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So last week I read The Palace Job, by Patrick Weekes. It’s a glorious tale of scheming and adventure described by a heck of a lot of goodreads reviewers as a cross between Ocean’s Eleven and Dungeons and Dragons. I think it’s a pretty solid nutshell to put the novel in, and if that sort of thing sounds like your bag and you enjoy clever writing I would highly recommend it.

There was just one thing that bugged me while I was reading the book, and it was a thing that took me almost the entire novel to figure out. When it finally came to me, I realized it was something I’ve seen before, and maybe it’s worth talking about on a bit of a larger scale.

Characters are the heart of a story. Oh, having a plot’s important, but it’s never enough to say “a group of people do X, Y, Z”; everyone’s unique, and everyone will handle a situation in their own way. It’s only by putting the right characters in the right places that an author can really make their readers connect with the mechanics of the plot. Nobody wants to read the stirring adventures of a bunch of overused, faceless cliches, so the writers who know what they’re doing dig deep and find ways to make each name and face shine on its own merit. Great characters are the ones who are their own people, who stand in their own right, who linger in your mind like an old friend.

But when you start focusing too hard on the special snowflake that is a new character, it can be easy to lose track of the fact that once they leave your head, they’re not going to be existing in a vacuum.  Readers approach books the way they approach anything in life: with two or three dozen trunks of preconceptions and prejudices, and the ability to make snap judgement at the drop of a hat.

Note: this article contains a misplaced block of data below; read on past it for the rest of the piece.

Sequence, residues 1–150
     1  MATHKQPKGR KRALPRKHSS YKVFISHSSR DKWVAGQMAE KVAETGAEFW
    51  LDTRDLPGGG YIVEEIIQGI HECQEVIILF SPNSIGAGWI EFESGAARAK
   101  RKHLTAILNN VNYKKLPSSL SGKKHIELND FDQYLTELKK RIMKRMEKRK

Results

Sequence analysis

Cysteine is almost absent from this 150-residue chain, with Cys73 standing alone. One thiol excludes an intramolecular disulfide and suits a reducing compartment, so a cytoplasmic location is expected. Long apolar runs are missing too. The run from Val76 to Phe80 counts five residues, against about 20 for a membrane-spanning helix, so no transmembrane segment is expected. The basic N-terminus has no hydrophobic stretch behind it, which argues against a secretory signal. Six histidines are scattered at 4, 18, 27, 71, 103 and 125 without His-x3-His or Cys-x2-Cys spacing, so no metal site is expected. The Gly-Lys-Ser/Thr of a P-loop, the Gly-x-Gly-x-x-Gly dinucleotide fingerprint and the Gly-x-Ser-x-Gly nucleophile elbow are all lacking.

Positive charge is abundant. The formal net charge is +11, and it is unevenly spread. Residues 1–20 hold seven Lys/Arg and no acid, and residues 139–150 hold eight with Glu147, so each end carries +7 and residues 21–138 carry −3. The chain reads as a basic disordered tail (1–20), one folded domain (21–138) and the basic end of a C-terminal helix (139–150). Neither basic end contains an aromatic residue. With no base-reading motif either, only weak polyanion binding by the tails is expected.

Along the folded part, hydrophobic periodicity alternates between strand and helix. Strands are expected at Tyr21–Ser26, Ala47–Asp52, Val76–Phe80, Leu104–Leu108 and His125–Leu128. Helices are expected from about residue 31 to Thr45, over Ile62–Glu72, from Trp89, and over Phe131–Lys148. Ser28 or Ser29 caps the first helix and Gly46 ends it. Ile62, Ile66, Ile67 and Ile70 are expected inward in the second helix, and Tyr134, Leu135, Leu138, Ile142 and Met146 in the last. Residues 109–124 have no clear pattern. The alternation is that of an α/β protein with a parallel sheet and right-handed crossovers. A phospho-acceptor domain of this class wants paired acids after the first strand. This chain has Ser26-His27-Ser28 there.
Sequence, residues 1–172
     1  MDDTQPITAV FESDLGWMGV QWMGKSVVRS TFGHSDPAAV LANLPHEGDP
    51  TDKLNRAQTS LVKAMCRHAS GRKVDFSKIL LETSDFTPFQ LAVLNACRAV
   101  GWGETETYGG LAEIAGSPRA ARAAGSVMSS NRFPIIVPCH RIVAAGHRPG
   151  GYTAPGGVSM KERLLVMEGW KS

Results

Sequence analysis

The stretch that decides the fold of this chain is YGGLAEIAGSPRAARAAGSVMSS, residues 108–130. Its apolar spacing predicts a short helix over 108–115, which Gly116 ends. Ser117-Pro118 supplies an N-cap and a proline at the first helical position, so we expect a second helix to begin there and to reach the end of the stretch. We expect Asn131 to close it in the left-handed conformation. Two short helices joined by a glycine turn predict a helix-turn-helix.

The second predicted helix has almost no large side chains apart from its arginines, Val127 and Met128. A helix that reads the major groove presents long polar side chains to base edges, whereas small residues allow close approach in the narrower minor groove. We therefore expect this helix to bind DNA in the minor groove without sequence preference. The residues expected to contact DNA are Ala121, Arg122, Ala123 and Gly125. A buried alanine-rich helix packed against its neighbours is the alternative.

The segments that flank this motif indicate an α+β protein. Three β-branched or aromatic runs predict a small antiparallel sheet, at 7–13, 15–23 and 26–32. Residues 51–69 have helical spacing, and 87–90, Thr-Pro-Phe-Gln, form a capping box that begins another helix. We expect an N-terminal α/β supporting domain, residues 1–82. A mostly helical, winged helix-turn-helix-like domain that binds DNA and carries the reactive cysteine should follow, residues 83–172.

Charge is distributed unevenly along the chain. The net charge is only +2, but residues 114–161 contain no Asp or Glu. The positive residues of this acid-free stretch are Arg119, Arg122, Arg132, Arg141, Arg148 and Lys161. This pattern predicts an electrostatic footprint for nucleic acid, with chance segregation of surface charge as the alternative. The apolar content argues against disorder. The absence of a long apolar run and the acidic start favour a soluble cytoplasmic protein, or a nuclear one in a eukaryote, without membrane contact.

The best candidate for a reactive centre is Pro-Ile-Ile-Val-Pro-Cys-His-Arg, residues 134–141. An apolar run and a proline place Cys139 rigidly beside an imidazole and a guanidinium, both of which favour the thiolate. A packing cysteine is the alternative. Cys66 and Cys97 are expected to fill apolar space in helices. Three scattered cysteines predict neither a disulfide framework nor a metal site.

I don’t know how much time you’ve got to make a first impression with a character. Maybe it’s a sentence, maybe you get a paragraph, some generous readers might even hold off on making their assumptions for a chapter. Inevitably, though, they’re going to start forming a picture in their mind exactly the same way they decide whether or not they like the receptionist at the dentist’s office or the old man on the bus. They’ll know everything they think they need to know long before you’ve had a chance to explain the character’s rich, compelling backstory.

Durg Beefsteak has wanted to be a professional flutist ever since he first heard his mother play. He’s classically trained in four instruments, and wonders why everyone’s so obsessed with his sword.

This is where expectations come in.

On the surface, it sounds like it would be lovely if we could keep readers from bringing their own cast of characters, both real and fictional, to the table each time they open a new book. Authors could sketch pure, untainted landscapes, cast their characters out like brilliant stars in the night sky. The air would be crisp and fresh and nobody would wonder if the brilliant detective was another cheap Sherlock Holmes knockoff or ask how many times they were going to be required to sit through someone’s re-imagining of Romeo and Juliet (this time with vampires who do not sparkle, we promise).

The problem, of course, is that without the expectations, authors would have to spend the first forty thousand words of every work explaining the basics – and then they’d have to go on explaining every single step of the way, and the magic of the story would get lost in the sucking mire of pedantry. “This is Doug. Doug is large and broad-shouldered, and doesn’t have a strong academic history. We can presume that the five or six boys standing behind him are doing so out of a combination of genuine malice, and a fear of finding themselves ostracized for speaking out against their leader.”

It’s ridiculous, it’s a waste of everyone’s time, and it’s probably a large contributor to editors saying that high word counts don’t necessarily indicate good books.